3. CBC should not duplicate the work of the private sector. There is no point spending public money on things that are already being well done without it.

The application of these principles leads to some broad conclusions about programming strategy.

1. The Corporation should abandon local television newscasts. The private networks do this very well and the CBC is typically third in the markets it serves. It would be wiser to place greater emphasis on international news coverage to help Canadians better understand their place in the world.

2. The Corporation -- particularly in English -- should focus it's prime time strategy on the creation of popular, distinctively Canadian dramas, comedies, documentaries and reality shows. The private networks cannot do this because their deep prime-time schedules are inevitably dedicated to U.S. shows.

3. The CBC should be out of sports.

4. The CBC should reflect French Canada to English Canada and English Canada to French Canada, so that both linguistic communities can better understand each other. The CBC is the only broadcaster -- public or private -- able to do this.

Once the Board has prepared a plan that reflects these general principles and directions, the government is prepared to discuss it's financing and negotiate a multi-year agreement. The agreement would be similar to The Royal Charter that the U.K. Government negotiates with the BBC.

As part of the Corporation's accountability to the Canadian public, its Annual Report should explain how effectively it is executing it's plan. Particular emphasis should be placed on: how Canadian the schedules of the various services are; how popular the programs are with Canadians; and how well the News Departments are reporting fairly and accurately...

With Many Thanks for Your Service,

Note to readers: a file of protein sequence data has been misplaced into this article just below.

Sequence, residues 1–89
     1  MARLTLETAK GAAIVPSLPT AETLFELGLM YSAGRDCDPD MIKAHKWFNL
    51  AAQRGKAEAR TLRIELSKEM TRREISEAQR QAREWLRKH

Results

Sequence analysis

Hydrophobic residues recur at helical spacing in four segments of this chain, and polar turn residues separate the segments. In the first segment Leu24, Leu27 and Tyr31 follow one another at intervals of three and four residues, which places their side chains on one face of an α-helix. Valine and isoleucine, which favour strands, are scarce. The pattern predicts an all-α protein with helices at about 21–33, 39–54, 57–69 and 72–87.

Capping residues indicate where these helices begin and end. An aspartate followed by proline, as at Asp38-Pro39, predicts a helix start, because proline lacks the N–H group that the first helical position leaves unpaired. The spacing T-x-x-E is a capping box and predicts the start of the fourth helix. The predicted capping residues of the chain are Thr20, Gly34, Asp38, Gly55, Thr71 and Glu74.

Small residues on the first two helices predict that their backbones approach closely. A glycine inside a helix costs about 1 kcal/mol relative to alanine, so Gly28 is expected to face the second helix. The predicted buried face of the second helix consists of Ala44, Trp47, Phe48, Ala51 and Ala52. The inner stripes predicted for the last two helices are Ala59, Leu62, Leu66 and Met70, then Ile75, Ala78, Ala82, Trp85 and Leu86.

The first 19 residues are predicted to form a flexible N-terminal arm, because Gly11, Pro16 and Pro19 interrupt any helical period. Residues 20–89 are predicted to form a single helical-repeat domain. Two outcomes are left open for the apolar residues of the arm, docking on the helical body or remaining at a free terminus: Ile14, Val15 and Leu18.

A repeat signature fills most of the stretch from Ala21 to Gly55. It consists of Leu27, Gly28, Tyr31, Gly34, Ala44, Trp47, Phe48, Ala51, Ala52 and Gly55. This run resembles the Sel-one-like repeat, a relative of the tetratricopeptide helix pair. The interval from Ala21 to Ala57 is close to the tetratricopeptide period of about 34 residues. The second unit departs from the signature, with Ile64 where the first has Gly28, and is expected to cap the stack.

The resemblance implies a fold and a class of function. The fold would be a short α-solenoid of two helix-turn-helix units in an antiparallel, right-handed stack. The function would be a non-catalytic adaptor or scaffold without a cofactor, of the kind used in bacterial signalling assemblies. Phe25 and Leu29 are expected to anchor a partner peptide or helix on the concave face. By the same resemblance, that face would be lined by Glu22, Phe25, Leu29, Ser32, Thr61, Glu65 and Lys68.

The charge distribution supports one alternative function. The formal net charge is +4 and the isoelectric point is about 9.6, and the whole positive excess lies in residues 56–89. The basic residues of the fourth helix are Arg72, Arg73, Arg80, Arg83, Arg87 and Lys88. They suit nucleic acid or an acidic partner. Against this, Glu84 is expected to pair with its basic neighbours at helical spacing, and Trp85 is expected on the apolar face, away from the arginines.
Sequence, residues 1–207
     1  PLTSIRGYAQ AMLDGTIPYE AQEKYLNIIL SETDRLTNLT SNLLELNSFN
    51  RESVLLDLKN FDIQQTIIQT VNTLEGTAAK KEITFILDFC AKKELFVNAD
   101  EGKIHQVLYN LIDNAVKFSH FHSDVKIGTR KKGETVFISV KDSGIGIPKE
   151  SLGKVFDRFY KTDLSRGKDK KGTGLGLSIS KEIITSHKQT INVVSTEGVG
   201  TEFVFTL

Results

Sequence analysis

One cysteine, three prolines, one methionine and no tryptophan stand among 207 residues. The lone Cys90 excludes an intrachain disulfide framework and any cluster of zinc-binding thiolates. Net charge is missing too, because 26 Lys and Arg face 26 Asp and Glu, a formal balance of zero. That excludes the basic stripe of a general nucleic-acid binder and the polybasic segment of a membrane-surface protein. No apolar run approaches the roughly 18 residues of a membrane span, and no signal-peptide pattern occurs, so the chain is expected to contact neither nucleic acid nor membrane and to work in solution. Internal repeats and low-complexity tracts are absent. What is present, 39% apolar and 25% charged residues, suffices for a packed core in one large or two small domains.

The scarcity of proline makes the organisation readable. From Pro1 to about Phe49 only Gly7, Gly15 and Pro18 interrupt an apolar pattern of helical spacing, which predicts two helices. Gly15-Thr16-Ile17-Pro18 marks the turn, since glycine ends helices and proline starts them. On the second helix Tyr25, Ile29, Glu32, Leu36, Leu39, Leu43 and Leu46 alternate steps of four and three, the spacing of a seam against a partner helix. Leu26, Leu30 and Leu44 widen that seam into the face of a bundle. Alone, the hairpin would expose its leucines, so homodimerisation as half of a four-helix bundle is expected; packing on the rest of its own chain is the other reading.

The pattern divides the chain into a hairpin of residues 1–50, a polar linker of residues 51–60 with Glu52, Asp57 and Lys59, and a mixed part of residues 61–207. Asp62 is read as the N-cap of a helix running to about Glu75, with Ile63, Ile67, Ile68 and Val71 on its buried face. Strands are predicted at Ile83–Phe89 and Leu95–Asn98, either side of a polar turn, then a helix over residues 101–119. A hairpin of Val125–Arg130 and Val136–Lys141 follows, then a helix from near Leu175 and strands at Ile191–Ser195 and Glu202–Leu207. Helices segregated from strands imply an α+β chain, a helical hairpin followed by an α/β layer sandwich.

The Prime Minister of Canada.

There are a few easily identifiable Stursberg-isms there.

They include the emphasis on the "popularity" of CBC programming (translation: ratings) and the need to abandon local broadcasting altogether (supposedly too costly and the private networks do it better).

Short term numbers vs. quality and long-term audience building

The obsession with ratings is what got Stursberg in so much trouble when he was at CBC.

It is an idea that runs somewhat counter to Stursberg's (and others') notion the CBC should be nearly 100 per cent Canadian.

In Canada, it is U.S.-style entertainment shows that get the easy and quick ratings. When we do Canadian knock-offs of those U.S. products, they sometimes work and sometimes do not. But how distinctively Canadian can such programs be if they are, in essence, imitations of what American big time producers churn out?

Stursberg's idea almost totally excludes the possibility that we in Canada can develop distinctively Canadian genres and programming formats, suitable to our own culture, history and world view.

The former VP's approach favours short term ratings success over building audiences in the long term based on a strategy of quality. By contrast, the latter has been, in general, CBC Radio's successful approach.

The former VP's idea that the Corporation should take advantage of the fact that it is a truly bilingual Canadian cultural institution -- one of the very few -- and reflect the two linguistic communities to each other has been around a long time, but rarely acted upon.

As one of a very small club of folks who worked both sides of the linguistic fence at the public broadcaster, this writer had much experience with that noble idea -- and has many battle scars to show for it.

We'll talk about all that, and much more, in the next installment...